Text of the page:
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Girl set to testify in Trevor Dooley manslaughter trial

TAMPA — The little girl who saw her father fatally shot on a Valrico basketball court in 2010 after arguing with a neighbor over a skateboarder will be a witness for the defense when the neighbor's manslaughter trial begins next week.

Danielle James, who was 8 when her father, David James, 41, died, was a witness for the prosecution. But her statements in court hearings have partly supported the defense's claim of self-defense.

On Wednesday, Hillsborough Circuit Judge Ashley Moody ordered the state to produce her next week, even though prosecutors no longer intend to call her as a witness. Danielle lives with relatives in Minnesota, but she remains under the supervision of the Florida Department of Children and Families.

In earlier hearings, Danielle testified that she heard the neighbor, Trevor Dooley, 71, tell her father, "I don't want to get into a fight." She also said she never saw Dooley flash or pull a gun. She said she simply heard a gunshot as the men wrestled on the ground.

Wednesday's hearing came in preparation for one of Hillsborough County's highest-profile trials. It will start Tuesday in circuit court's largest courtroom to accommodate an extra-large jury pool.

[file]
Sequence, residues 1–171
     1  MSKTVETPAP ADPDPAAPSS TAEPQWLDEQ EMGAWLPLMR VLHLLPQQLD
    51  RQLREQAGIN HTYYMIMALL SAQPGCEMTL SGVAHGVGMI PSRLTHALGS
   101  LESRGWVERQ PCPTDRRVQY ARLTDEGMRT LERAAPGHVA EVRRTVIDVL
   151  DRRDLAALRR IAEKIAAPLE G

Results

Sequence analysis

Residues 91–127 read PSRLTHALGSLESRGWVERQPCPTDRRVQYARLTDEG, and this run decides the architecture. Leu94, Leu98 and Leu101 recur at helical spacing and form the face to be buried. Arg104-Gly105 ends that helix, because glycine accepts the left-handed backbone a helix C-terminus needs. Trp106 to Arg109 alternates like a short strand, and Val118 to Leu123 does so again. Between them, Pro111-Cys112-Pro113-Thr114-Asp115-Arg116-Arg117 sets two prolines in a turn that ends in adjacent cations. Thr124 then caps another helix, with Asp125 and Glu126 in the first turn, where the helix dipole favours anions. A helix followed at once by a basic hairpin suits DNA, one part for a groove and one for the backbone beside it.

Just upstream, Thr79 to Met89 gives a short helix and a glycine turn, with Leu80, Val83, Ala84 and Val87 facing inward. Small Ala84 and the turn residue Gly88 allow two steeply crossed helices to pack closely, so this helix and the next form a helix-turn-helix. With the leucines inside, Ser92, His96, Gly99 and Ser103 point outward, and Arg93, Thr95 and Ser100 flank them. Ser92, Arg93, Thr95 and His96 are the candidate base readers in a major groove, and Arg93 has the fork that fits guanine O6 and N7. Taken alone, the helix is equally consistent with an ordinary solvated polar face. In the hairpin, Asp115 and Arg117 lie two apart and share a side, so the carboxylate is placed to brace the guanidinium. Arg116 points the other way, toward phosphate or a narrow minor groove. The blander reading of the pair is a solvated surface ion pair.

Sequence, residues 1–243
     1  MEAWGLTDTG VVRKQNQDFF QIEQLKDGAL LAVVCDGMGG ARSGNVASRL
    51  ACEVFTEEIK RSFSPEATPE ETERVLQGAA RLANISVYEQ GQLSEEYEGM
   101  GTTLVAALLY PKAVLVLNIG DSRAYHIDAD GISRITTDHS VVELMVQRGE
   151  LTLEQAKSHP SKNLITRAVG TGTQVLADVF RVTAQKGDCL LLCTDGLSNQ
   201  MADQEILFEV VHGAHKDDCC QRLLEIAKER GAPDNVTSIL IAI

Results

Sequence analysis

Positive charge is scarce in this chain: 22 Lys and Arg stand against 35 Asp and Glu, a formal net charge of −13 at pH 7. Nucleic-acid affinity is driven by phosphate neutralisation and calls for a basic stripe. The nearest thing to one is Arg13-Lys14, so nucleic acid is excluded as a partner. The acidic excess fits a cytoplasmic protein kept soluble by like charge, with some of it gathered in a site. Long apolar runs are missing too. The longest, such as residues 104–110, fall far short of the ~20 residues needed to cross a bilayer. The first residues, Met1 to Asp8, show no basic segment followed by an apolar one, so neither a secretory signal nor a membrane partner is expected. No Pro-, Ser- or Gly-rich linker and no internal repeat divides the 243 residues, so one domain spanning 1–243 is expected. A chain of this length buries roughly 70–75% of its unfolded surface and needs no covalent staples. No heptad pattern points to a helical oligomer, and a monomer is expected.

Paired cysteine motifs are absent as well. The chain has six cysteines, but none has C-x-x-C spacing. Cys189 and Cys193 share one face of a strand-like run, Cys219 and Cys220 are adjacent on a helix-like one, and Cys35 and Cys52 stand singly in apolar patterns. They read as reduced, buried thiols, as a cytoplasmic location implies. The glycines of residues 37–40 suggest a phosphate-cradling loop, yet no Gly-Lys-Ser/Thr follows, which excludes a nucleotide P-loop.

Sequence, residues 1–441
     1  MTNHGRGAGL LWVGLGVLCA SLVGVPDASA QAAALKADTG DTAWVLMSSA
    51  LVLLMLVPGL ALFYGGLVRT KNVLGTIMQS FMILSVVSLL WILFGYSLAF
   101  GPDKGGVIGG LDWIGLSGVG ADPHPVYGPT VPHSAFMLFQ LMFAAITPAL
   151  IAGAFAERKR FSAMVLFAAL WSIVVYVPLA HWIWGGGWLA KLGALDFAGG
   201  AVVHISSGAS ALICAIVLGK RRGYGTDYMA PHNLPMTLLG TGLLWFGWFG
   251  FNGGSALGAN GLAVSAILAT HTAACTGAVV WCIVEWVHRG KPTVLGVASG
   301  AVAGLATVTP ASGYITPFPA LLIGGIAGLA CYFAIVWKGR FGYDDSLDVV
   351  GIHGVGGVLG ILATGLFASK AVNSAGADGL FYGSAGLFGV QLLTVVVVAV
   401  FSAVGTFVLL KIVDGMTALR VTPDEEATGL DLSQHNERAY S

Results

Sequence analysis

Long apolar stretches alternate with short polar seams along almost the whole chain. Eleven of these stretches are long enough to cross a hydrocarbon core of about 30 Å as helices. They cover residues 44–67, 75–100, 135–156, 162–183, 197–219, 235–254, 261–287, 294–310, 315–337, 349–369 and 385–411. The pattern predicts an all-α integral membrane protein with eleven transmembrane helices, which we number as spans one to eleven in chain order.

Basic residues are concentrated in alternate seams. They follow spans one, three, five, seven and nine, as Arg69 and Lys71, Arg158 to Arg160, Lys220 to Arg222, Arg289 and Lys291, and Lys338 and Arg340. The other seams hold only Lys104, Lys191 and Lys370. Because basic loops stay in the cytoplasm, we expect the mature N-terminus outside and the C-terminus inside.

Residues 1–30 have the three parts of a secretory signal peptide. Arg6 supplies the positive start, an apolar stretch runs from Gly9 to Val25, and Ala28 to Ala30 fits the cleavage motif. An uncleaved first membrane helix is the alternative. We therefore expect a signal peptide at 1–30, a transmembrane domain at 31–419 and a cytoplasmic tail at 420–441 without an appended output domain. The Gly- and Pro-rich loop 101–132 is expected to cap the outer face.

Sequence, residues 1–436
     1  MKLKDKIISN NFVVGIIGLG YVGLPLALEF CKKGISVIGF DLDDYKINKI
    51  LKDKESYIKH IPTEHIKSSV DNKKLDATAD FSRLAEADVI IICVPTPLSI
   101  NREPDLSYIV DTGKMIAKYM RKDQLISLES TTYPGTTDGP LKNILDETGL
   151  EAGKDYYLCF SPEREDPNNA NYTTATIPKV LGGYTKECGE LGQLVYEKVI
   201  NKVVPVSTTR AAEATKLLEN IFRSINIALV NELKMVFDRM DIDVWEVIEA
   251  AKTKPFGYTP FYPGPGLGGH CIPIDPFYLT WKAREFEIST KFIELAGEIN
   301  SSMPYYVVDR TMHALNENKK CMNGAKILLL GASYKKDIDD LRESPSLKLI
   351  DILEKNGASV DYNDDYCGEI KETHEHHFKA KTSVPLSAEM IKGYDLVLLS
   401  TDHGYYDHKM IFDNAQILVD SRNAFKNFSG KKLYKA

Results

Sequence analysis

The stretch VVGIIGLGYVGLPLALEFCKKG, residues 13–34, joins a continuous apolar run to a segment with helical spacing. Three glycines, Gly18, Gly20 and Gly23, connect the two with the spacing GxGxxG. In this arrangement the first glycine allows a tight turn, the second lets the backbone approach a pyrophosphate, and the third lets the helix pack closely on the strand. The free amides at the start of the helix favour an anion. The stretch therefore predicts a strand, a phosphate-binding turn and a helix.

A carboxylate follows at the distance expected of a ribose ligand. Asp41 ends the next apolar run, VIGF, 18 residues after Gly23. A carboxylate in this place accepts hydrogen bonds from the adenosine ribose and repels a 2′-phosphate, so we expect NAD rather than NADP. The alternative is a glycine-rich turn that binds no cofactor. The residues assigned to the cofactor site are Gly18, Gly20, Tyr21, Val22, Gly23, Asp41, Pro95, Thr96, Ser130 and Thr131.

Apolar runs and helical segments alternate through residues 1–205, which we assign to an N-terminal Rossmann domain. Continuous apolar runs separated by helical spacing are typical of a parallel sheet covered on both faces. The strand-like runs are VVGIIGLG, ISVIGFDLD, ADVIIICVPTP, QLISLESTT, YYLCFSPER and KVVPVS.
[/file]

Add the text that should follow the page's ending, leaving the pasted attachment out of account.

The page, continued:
Dooley is charged with shooting James after they argued about a 14-year-old skateboarder who was using the community basketball court as James and his daughter shot hoops. Dooley, armed with a handgun, had come from his home across the street to shoo the skateboarder away.

Dooley's attorney, Ronald Tulin, failed to convince Judge Moody and the 2nd District Court of Appeal that Dooley deserved immunity under Florida's "stand your ground" law. He still can try to convince a jury that Dooley fired out of fear for his life.

The "stand your ground" law is the same law being invoked in the February shooting of Trayvon Martin in Sanford by George Zimmerman — a case with many similarities. There, lawyers also dispute which one was actually standing his ground.

Dooley has testified that he fired only because James was choking him and trying to pull the gun out of his hand and he feared he'd be killed.

"I couldn't talk; I couldn't even see him," Dooley testified. "I wanted to tell him, 'You're killing me. You're choking me to death.'"

But other witnesses have said Dooley first flashed a gun at James, then pulled it from his pants when James stepped toward him. They said they didn't see James choke Dooley. They said James was shot while trying to wrestle the gun away.

Next week, Danielle will testify via closed-circuit TV from a room adjacent to the courtroom where Dooley and the jury will be. Both the state and the defense agreed that the child, who is receiving mental health counseling, should not have to testify in front of Dooley.